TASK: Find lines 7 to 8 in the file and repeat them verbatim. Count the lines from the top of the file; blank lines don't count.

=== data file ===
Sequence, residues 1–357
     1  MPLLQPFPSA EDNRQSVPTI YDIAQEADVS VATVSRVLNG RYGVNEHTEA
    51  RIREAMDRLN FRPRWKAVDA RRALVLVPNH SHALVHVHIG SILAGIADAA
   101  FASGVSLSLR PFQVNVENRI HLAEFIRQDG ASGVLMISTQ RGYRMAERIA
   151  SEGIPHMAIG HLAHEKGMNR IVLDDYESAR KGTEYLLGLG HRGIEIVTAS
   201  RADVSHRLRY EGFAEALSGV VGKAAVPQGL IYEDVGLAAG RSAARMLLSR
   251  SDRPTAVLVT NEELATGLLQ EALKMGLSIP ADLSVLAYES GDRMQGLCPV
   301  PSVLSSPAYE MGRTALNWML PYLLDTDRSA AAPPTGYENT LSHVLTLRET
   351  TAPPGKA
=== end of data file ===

   251  SDRPTAVLVT NEELATGLLQ EALKMGLSIP ADLSVLAYES GDRMQGLCPV
   301  PSVLSSPAYE MGRTALNWML PYLLDTDRSA AAPPTGYENT LSHVLTLRET